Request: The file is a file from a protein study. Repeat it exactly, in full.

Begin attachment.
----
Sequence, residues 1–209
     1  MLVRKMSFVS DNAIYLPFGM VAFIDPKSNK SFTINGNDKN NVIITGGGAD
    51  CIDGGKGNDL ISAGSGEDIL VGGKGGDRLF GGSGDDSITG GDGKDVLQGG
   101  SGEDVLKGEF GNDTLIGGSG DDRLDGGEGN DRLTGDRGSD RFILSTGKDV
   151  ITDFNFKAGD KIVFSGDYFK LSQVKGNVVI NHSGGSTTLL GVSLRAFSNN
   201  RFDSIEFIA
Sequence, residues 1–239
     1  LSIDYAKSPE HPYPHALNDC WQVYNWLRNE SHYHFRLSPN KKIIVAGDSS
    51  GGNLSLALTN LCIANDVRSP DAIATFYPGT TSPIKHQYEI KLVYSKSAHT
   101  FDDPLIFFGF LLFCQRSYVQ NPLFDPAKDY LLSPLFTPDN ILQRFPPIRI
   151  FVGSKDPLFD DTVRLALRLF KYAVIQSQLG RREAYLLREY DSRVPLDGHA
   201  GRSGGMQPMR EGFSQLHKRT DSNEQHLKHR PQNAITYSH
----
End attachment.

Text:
Sequence, residues 1–209
     1  MLVRKMSFVS DNAIYLPFGM VAFIDPKSNK SFTINGNDKN NVIITGGGAD
    51  CIDGGKGNDL ISAGSGEDIL VGGKGGDRLF GGSGDDSITG GDGKDVLQGG
   101  SGEDVLKGEF GNDTLIGGSG DDRLDGGEGN DRLTGDRGSD RFILSTGKDV
   151  ITDFNFKAGD KIVFSGDYFK LSQVKGNVVI NHSGGSTTLL GVSLRAFSNN
   201  RFDSIEFIA
Sequence, residues 1–239
     1  LSIDYAKSPE HPYPHALNDC WQVYNWLRNE SHYHFRLSPN KKIIVAGDSS
    51  GGNLSLALTN LCIANDVRSP DAIATFYPGT TSPIKHQYEI KLVYSKSAHT
   101  FDDPLIFFGF LLFCQRSYVQ NPLFDPAKDY LLSPLFTPDN ILQRFPPIRI
   151  FVGSKDPLFD DTVRLALRLF KYAVIQSQLG RREAYLLREY DSRVPLDGHA
   201  GRSGGMQPMR EGFSQLHKRT DSNEQHLKHR PQNAITYSH